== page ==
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Michael Witherell

Michael Witherell became Berkeley Lab’s new director on March 1, 2016. Mike is a leading physicist with a highly distinguished career in teaching, research and managing complex organizations. He has received numerous honors and recognitions for his scientific contributions and achievements. Mike is the former director of the Fermi National Accelerator Laboratory (Fermilab) in northern Illinois and last held the Presidential Chair in Physics at UC Santa Barbara (UCSB) where he was also vice chancellor for research. He was named director of Berkeley Lab by the UC Board of Regents in January, 2016.

Mike first came to UCSB in 1981 as an assistant professor of physics from Princeton University. Soon after joining UCSB, he led a Fermilab experiment that collected and studied the first large sample of charmed particles observed with a silicon microstrip vertex detector. As a result of that experiment, Mike was awarded the W. K. H. Panofsky Prize in Experimental Particle Physics from the American Physical Society in 1990.

In 1999 Mike was appointed director of Fermilab, the DOE laboratory dedicated to high-energy physics. During his six years as director, Fermilab upgraded the Tevatron accelerator complex, the highest-energy collider then operating. The laboratory also completed a $150 million project to build a long-baseline neutrino facility, which sent a beam of neutrinos 450 miles underground to a detector built at the Soudan Underground Laboratory in northern Minnesota.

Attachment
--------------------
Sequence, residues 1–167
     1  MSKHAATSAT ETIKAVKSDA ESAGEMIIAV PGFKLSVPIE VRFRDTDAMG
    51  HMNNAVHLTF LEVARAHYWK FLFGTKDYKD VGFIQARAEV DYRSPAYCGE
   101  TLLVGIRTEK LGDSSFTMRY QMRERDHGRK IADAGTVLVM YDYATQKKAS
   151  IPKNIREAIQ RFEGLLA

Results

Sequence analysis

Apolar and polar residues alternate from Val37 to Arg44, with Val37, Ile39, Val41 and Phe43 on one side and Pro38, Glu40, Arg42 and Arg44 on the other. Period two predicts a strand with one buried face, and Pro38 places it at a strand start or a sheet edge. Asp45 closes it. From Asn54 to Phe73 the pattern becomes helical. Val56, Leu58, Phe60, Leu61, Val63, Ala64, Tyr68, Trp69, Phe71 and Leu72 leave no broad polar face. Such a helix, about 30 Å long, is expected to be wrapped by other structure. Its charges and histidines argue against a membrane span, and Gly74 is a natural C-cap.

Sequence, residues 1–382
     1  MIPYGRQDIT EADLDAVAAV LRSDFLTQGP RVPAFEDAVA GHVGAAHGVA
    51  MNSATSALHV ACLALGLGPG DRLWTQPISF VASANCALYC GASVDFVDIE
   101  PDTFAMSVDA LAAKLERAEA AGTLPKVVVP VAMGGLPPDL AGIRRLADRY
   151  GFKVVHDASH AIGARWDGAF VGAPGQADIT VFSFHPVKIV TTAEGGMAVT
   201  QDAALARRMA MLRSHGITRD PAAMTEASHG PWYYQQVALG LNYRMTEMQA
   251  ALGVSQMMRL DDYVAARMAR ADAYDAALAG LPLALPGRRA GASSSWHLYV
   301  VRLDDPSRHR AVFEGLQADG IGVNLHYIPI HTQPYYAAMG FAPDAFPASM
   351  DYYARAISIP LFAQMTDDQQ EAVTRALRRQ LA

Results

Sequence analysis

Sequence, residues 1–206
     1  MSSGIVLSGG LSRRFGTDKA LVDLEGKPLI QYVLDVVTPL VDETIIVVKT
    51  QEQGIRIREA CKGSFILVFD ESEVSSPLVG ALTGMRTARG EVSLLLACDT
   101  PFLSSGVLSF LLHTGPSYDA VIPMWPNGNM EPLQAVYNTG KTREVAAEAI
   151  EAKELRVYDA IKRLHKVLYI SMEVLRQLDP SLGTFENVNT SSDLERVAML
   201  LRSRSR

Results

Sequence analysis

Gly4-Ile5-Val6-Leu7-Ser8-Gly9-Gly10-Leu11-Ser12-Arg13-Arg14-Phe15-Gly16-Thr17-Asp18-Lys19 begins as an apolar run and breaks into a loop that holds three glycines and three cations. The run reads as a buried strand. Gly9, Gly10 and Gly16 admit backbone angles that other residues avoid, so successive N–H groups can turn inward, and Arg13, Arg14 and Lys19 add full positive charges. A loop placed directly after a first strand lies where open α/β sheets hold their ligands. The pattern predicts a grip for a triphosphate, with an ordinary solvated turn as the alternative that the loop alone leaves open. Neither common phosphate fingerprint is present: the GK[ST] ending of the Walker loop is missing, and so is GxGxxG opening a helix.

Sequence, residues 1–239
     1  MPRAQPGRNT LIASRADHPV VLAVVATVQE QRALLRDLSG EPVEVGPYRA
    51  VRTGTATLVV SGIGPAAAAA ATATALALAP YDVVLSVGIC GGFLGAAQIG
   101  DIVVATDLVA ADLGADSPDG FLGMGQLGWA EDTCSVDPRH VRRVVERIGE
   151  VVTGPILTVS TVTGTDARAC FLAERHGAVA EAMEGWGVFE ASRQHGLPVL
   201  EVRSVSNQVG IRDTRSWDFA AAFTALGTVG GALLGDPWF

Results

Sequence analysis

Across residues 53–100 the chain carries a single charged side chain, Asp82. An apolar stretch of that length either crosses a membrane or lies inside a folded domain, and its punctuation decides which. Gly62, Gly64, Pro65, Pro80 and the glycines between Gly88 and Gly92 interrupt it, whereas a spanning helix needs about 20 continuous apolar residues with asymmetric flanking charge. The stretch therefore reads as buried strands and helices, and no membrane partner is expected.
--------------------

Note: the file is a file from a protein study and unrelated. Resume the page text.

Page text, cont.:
In 2005 Mike rejoined the UC Santa Barbara faculty as vice chancellor for research, where he managed research administration and technology commercialization. He also supervised interdisciplinary research institutes in marine science, earth science, neuroscience, social sciences and ethnic studies in addition to the California Nanosystems Institute and six sites of the UC Natural Reserve System.

In 2010, while continuing as UCSB vice chancellor for research, Mike returned to conducting research on the nature of dark matter. He joined the LUX collaboration, which completed the most sensitive search for interactions of dark matter particles with normal matter.

Mike is also part of an international research team that designed the LUX-Zeplin (LZ) project, an experiment that will be three orders of magnitude more sensitive than LUX. In 2014 the LZ project was selected as the largest next-generation dark matter experiment in the DOE’s High Energy Physics program.

Mike is a member of the National Academy of Sciences and a fellow of the American Physical Society and the American Association for the Advancement of Science. He currently chairs the Board on Physics and Astronomy at the National Academies; sits on the Committee on Science, Engineering and Public Policy at the National Academies; is a member of the American Physical Society’s Physics Policy Committee; and, serves on the Board of Directors for Science for Nature and People. Mike is the 2004 recipient of the Energy Secretary’s Gold Award.

Mike received his Ph.D. from the University of Wisconsin, Madison, in 1973 and his B.S. from the University of Michigan, Ann Arbor, in 1968.